Data-driven transfer optimizations for big data in the industrial internet of things [article]

Niklas Bernhard Semmler, Technische Universität Berlin, Anja Feldmann
In the last two decades, the Internet of Things (IoT) has grown from a mere vision to everyday reality. Its fundamental idea is that devices become interconnected with each other and digital services. The consumer side of the IoT, the Consumer Internet of Things (CIoTs), has become omnipresent in the form of wearables, virtual assistants, and smart home solutions. The industrial side of the IoT, the Industrial Internet of Things (IIoT), has received less attention from the general public. The
more » ... oT takes the shape of industrial-grade devices, from trucks to industrial robots, that are equipped with sensors and networking chipsets. It promises to reduce waste, increase machine lifespans, improve energy efficiency, and enable mass customization. The CIoT predominantly creates big data sparsely across wide areas, e.g., distributed over many households. CIoT applications collect and process this data in the cloud. In contrast, the IIoT predominantly creates big data at industrial facilities that are densely populated with devices. Because these industrial facilities are often connected to the cloud by low-bandwidth access networks, IIoT big data cannot be entirely transferred to the cloud. Simultaneously, industrial facilities are often equipped with limited computing resources. This creates a data-compute asymmetry where most data stays at resource-constrained industrial facilities, and only a fraction is transferred to the resource rich cloud. Unmitigated, the network bottleneck delays the installation of IIoT applications. This thesis introduces software solutions that reduce the impact of the network bottleneck. Systems processing IIoT big data face complexity from both the data sources and application requirements. On the one side, the data is generated by inherently hierarchical and distributed industrial processes and retains these qualities. On the other side, IIoT applications have diverse requirements on data access and processing (e.g., requiring database-like access to historic IIoT big data or processing [...]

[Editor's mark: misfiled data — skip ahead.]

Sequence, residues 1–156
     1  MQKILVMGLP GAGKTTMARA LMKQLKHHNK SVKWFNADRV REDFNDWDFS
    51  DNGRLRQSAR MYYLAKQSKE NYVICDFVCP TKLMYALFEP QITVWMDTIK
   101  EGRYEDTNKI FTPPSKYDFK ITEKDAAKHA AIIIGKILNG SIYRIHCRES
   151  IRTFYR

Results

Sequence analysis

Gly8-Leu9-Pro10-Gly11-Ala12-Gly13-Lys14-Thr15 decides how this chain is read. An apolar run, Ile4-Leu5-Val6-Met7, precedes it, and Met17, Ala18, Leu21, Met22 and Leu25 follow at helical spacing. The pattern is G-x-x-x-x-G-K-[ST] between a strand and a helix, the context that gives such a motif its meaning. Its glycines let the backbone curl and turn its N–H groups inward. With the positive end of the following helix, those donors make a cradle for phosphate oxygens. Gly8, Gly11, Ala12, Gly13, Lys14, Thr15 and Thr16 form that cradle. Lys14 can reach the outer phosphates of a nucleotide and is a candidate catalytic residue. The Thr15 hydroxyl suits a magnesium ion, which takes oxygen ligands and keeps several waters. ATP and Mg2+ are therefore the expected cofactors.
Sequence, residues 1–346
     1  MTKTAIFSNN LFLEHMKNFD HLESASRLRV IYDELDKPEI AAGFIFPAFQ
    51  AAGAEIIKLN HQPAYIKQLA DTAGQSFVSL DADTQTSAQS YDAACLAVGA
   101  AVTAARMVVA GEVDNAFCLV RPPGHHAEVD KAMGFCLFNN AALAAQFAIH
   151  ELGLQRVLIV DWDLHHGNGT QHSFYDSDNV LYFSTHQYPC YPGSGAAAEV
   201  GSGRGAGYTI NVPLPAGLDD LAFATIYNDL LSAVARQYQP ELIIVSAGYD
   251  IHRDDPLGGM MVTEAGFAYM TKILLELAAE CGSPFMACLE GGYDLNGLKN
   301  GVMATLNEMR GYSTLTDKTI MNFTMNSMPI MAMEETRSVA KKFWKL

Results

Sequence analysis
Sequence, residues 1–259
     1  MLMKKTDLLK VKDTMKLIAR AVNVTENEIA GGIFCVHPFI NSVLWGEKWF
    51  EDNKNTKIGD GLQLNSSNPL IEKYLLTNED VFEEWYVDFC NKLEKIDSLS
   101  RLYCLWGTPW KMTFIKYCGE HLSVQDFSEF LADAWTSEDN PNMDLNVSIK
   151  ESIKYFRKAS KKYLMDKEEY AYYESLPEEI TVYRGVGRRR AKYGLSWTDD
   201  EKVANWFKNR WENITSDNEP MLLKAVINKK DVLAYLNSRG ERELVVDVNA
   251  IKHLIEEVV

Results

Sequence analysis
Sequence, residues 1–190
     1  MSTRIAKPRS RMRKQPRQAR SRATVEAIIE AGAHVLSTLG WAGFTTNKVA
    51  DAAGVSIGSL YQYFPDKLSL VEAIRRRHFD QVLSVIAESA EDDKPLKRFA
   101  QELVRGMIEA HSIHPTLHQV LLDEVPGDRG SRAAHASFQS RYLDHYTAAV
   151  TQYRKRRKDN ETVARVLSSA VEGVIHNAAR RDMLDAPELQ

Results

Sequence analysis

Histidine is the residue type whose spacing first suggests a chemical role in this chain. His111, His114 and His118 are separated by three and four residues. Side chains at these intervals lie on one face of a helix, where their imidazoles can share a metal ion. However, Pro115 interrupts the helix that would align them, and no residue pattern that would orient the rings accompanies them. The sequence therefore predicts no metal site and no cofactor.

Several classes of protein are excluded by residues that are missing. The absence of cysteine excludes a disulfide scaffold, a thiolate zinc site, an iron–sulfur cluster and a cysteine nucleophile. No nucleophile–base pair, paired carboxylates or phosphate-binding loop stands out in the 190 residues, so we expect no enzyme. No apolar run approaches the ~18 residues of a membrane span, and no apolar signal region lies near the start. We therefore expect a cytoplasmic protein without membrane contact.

doi:10.14279/depositonce-15529 fatcat:7aqxsi4yz5fstooj3n3nhu3j3u